Time Out’s Track by Track review of Comedown Machine and more

Comedown Machine CoverAs the release date draws closer the reviews are coming in, we have had both Q and Uncut and now Brent DiCrescenzo over at Time Out Chicago has not only reviewed it by done a very interesting track by track. I feel like unlike the NME one from last month there is much more depth to DiCrescenzo’s.

I’ve quoted some of the points I found interesting (leaving out the two songs we already know), you can read the entire review here, it’s worth it.

Time Out Chicago ‘Comedown Machine’ track-by-track

“They found our city under the water / Had to get our hands on something new” —opening line from Comedown Machine

“Tap Out”

Quickly it slips into a Michael Jackson groove, breezy funk built from palm mutes, chorus pedals and cocaine solos. A relaxed Casablancas sings in airy high notes: “Drifting / You don’t want to know what’s going down.” The band has never sounded so mellow, and that mood carries through half the tracks….

“Welcome to Japan”

It’s just a blast. The most overlooked trait of Casablancas is his sense of humor… Especially when he proclaims, “Oh, welcome to Japan!” before comically crooning, “Super dance-y funk down.” Or something. As destined as “I didn’t really know this / What kind of asshole drives a Lotus” is to become the most quoted line, the subsequent quasi-rapped chorus tops it: “Come on, come on, get with me / I want to see you Wednesday / Come on, come on, come over / Take it off your shoulder / Come on and call me over / We’ve got to get to work now / Sliding it off your shoulder / As we’re falling over.”

“’80s Comedown Machine” 

Sounding somewhat akin to a Nintendo cartridge playing “Chariots of Fire” and “Lucy in the Sky with Diamonds.” Casablancas faintly floats over the lulling mellotron loops. “Why don’t you close the blinds / for the night?” he gently pleads.


With a “Rusty Cage” (Soundgarden song) riff, this tense and sneering punker sees Julian pulling out his beat-to-shit Is This It microphone from a dusty box in his closet and snarling with a ferocity not heard since “Reptilia.” Also, if you listen closely, you can hear the singer say in the background, “…the record for the worst foul shot, in the history of the playoffs.” Because why not.

“Slow Animals”

The calmly cruising “Animals” in particular picks up from “Life Is Simple in the Moonlight” and “Two Kinds of Happiness,” fleshing out the concepts and polishing off the rough edges… Staccato, muted guitar, oscillating synthesizer and the most curiously hushed guitar solo in their history slowly crescendo. But don’t worry, a screeching solo follows a verse later. The guys collapse into laughter at the close, underlining their apparent rediscovered camaraderie.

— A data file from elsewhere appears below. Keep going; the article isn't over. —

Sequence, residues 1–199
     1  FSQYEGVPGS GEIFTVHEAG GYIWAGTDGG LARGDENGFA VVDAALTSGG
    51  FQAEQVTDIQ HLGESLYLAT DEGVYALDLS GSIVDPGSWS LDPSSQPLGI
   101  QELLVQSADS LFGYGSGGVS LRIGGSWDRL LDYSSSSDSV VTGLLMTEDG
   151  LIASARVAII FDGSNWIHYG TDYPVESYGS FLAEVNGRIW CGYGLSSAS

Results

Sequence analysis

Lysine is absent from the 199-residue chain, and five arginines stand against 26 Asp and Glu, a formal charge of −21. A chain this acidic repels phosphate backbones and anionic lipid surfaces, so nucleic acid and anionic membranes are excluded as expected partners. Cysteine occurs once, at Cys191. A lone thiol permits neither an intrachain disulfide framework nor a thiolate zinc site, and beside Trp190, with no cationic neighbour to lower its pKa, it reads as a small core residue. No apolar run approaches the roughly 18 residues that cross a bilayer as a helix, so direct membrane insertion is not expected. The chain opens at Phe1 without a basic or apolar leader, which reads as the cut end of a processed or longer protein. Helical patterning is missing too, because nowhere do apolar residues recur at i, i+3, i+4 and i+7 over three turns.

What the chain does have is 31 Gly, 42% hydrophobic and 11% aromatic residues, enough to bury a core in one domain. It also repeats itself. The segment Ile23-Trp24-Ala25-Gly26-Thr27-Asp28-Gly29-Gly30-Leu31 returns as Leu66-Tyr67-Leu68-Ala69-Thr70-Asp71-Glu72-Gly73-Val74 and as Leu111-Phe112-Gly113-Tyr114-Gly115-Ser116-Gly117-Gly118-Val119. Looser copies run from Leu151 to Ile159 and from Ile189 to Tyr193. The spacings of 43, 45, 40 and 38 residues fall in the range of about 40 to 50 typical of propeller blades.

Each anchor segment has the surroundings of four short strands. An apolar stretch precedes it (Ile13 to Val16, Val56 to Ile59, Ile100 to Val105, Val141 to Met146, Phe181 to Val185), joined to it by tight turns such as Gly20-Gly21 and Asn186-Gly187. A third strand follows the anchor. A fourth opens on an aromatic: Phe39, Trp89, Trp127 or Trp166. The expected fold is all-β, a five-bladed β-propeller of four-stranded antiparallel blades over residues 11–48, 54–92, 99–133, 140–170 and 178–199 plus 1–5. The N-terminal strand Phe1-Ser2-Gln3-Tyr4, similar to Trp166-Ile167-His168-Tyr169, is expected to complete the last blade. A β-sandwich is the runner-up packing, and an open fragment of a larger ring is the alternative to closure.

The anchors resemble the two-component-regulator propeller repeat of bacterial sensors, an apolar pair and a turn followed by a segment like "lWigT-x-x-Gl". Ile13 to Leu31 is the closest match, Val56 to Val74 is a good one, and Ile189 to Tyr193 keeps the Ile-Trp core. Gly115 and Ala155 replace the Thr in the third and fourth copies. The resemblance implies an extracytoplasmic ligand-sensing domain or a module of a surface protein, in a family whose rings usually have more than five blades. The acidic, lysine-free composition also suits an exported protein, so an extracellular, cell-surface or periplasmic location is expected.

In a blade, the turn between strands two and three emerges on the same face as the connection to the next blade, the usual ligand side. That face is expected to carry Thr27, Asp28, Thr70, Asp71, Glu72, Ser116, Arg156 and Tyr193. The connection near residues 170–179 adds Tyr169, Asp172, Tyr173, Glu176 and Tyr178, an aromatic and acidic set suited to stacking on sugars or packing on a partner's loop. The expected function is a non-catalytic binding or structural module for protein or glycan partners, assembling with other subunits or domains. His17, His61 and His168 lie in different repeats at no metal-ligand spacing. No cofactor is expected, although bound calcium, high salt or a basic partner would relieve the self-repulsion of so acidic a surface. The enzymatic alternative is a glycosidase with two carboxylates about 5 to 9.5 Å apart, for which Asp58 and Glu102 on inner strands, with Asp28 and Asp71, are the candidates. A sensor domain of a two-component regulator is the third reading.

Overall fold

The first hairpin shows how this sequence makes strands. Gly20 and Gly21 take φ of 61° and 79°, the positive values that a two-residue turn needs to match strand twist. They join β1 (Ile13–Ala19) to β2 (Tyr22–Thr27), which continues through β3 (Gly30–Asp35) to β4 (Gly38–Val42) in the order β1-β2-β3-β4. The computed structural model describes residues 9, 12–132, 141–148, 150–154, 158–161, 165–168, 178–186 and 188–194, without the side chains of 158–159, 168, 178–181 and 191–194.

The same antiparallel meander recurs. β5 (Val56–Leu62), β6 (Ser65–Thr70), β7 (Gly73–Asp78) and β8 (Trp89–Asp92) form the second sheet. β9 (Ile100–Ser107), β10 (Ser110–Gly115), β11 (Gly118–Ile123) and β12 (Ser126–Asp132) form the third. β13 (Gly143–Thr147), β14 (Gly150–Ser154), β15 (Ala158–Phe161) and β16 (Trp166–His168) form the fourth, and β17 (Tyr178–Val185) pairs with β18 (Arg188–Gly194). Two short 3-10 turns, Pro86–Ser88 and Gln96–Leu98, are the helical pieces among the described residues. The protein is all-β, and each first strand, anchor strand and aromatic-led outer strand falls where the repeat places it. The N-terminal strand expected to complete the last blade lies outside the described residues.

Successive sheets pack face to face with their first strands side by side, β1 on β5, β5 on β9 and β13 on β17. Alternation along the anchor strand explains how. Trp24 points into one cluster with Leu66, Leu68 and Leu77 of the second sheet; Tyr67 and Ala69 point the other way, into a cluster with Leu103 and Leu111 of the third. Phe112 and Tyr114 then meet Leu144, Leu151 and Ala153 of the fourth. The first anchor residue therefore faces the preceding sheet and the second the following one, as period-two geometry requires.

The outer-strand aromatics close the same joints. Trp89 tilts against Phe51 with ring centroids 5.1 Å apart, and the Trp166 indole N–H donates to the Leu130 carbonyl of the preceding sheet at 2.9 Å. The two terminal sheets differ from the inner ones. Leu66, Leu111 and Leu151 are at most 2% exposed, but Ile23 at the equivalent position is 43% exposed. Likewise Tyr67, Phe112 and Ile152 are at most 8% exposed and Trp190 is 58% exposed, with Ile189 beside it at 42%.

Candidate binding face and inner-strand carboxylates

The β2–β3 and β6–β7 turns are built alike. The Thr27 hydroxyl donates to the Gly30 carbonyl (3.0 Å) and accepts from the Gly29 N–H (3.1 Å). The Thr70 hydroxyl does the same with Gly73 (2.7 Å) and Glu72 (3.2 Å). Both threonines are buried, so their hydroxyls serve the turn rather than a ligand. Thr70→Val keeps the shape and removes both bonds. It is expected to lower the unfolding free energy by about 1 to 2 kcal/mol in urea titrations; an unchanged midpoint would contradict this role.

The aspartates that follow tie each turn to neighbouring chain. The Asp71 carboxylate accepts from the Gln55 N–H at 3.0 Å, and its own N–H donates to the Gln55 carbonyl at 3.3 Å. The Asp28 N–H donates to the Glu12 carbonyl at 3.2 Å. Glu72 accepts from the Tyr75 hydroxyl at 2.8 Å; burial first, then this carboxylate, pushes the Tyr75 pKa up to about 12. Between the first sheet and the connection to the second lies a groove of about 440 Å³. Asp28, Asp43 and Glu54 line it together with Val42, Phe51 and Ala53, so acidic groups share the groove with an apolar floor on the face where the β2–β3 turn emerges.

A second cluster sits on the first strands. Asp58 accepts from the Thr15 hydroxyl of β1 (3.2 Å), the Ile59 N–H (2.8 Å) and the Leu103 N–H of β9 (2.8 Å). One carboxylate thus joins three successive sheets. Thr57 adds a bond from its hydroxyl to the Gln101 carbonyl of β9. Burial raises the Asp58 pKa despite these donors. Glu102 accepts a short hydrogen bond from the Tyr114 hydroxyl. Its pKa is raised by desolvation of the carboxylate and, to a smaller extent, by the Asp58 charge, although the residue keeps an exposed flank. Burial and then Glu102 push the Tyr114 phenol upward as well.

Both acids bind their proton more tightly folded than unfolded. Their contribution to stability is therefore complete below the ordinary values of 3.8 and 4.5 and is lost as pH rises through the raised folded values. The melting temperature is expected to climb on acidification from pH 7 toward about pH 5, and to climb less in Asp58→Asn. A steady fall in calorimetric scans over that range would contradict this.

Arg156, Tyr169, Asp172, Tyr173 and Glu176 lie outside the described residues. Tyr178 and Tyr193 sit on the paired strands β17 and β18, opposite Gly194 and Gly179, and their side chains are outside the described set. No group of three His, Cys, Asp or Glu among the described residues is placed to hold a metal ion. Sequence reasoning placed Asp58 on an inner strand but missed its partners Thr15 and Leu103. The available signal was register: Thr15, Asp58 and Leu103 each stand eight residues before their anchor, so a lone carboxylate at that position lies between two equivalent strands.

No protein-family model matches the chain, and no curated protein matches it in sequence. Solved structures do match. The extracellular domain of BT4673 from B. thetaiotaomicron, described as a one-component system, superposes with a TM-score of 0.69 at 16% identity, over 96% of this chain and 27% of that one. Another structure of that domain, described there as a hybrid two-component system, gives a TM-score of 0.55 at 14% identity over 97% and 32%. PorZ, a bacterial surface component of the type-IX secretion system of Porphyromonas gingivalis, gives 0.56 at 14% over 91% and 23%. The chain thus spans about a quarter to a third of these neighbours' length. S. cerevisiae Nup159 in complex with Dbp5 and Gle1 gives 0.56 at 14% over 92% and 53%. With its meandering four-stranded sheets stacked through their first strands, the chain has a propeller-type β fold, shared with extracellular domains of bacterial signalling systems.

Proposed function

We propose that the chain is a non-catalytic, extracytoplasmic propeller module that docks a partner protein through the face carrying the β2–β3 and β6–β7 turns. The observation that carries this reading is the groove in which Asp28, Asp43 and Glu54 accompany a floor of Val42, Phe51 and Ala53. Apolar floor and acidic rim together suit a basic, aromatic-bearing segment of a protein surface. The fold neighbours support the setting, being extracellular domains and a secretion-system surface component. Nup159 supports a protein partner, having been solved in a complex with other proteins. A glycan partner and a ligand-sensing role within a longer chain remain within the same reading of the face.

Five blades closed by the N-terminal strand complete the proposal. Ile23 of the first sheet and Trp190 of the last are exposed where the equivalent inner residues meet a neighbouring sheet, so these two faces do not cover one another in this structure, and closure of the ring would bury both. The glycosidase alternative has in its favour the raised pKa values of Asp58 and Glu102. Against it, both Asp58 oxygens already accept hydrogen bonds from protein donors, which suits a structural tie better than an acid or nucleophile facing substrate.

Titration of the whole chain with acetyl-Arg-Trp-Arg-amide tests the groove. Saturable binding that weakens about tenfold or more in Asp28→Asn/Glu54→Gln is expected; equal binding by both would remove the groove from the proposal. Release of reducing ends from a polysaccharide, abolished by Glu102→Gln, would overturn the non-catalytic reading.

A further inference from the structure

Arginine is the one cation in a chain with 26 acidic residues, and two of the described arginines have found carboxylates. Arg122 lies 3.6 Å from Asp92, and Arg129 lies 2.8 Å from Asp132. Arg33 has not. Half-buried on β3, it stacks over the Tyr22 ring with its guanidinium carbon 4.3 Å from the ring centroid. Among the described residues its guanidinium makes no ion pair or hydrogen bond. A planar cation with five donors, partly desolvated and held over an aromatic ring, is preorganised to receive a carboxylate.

“Partners in Crime” 

Silly, bumblebee-buzzing hammer-ons from Nick Valensi, much like the album’s opening salvo, both mock classic rock and embrace its pleasurable ridiculousness…. “Leave all your tears alone / Run down your face,” Casablancas croons before coolly stating “I’m on the guest list” with winking sarcasm. Like “50/50,” part of the half of the album (ah, that title begins to make more sense) that could arguably fit on Room on Fire…


…unlike this here slow dance. .. This bound-to-be-polarizing one’s dedicated to all those crushin’ hard out there. A synth-heavy couple-skate oozing John Hughesian longing. “I waited for ya / I waited on ya / but now I don’t,” Casablancas sings in castrato-high falsetto in the shimmering disco lights. The most romantic ballad in their catalogue.

“Happy Endings” 

Next to “Welcome to Japan,” the track most likely to dazzle the fans hungry for the Strokes to reclaim the impassioned energy of the early era. …”Happy Endings” recycles the tick-tock guitars and sci-fi elements of “Macho Picchu,” adds a pinch of Room on Fire’s soul and ends with something wonderfully electrifying. …Comedown Machine is the sound of a group invigorated, collaborating. With a loaded title, “Endings” would dazzle live. If they toured.

“Call It Fate, Call It Karma” 

Dropping the curtain with the ultimate curve ball, “Fate” crackles like phonogram recording of a calliope playing Cuban rumba…. “Close the door, not all the way,” Casablanca quietly sings. “Please understand / We don’t understand.” In the chorus, “I waited around…” .. he hits his highest notes yet, up the range of Frankie Valli or a Beach Boy


Another positive review was posted yesterday by Contact Music with a choice line about 50/50a bloodthirsty audio assault that will undoubtedly have its lead riff imitated endlessly and is the perfect backing to Casablancas’ rip-roaring delivery

Stay tuned for more reviews in the next fortnight.